Helping Ourselves When We Hurt by Jo Johnson – Guest Post

Helping Ourselves When We Hurt by Jo Johnson – Guest Post

Today on the blog we welcome author Jo Johnson, with her guest post ‘Helping Ourselves When We Hurt‘, as part of the blog tour for her new book ‘Surviving Me’, which was released on the 19th November 2019. Post contains giveaway which you can find at the bottom of the page. This post contains affiliate links.

Surviving Me - Jo Johnson PHOTO 2 Helping Ourselves

I’m very excited that my debut novel ‘Surviving Me’. The novel is about male minds and what pushes a regular man to the edge. The novel combines all the themes I can write about with authenticity.

I qualified as a clinical psychologist in 1992 and initially worked with people with learning disabilities before moving into the field of neurology in 1996. I worked in the NHS until 2008 when i left to write and explore new projects. I now work as an independent clinical psychologist in West Sussex.

Jo speaks and writes for several national neurology charities including Headway and the MS Trust. Client and family related publications include, “Talking to your kids about MS”, “My mum makes the best cakes” and “Shrinking the Smirch”.

In the last few years Jo has been offering psychological intervention using the acceptance and commitment therapeutic model (ACT) which is the most up to date version of CBT. She is now using THE ACT model in a range of organisations such as the police to help employees protect their minds in order to avoid symptoms of stress and work related burnout.

Guest Post sign Helping Ourselves

Helping Ourselves When We Hurt

Tom Cleary, the main character in the new novel ‘Surviving Me’, has a successful job and a wife ten years his junior. He has no need to pay attention to the inner voice he learnt in childhood that shouts “NOT GOOD ENOUGH”.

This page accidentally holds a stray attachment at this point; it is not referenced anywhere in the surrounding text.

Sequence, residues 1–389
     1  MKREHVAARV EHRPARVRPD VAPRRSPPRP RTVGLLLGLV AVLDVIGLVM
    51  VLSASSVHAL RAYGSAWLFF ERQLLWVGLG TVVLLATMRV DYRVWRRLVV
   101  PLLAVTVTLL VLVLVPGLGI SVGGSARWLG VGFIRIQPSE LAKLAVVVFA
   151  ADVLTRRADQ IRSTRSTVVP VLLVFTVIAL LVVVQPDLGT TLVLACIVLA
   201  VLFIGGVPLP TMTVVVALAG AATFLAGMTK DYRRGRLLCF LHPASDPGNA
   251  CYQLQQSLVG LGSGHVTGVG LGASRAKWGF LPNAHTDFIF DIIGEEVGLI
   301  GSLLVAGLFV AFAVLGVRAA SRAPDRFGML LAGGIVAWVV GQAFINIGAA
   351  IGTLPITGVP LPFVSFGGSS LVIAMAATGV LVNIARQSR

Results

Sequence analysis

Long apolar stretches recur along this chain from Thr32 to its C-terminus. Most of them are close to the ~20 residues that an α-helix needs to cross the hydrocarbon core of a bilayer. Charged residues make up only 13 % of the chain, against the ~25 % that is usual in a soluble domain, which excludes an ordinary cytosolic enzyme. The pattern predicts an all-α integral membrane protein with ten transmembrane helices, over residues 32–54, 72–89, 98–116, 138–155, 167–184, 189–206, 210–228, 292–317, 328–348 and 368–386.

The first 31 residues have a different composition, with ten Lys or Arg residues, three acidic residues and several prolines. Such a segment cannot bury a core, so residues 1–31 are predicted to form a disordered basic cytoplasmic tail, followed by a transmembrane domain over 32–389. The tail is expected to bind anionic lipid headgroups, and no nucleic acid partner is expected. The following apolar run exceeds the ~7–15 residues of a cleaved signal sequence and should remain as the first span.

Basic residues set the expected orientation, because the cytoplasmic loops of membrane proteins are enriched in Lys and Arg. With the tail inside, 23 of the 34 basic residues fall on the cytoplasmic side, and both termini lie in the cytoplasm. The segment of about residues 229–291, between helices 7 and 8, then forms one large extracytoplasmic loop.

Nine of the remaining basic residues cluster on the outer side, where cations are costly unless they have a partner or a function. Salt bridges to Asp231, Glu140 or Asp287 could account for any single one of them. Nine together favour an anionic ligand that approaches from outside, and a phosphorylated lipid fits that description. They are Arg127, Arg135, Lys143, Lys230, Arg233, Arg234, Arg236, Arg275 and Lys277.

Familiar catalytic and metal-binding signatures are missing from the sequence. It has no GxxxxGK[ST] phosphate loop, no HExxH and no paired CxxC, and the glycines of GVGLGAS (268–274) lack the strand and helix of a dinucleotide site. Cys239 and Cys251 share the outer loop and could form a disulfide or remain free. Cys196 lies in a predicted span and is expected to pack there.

When he is bullied out of his job and discovers he is infertile, historical negative thoughts resurface. Over time, he listens more to his inner bully and less to the people who love him.

Negative thoughts are normal, we all have them but when life is good we find it easier to ignore them. When bad things happen, our minds can drive us to a dark and unsafe place if we don’t spot what’s happening.

The good news is that research shows we can train our minds just like we can improve the fitness of our bodies. Here are three simple things that will help when life feels difficult.

1. Keep a gratitude diary.

When life is tough it’s easy to lose sight of the good things. Research shows recognising the good things that are happening strengthens the ability of the brain to focus on positive things.


At the end of each day, write down five things that have gone well or for which you are grateful. Regularly thank those who help you, be specific, write thank you cards or send a text of thanks.

2. Treat yourself with compassion.

When you feel low, do you treat yourself like you would treat a friend and offer yourself support and understanding? Or are you a self bully, harsh and critical? Unsurprisingly people who can show themselves kindness feel mentally better.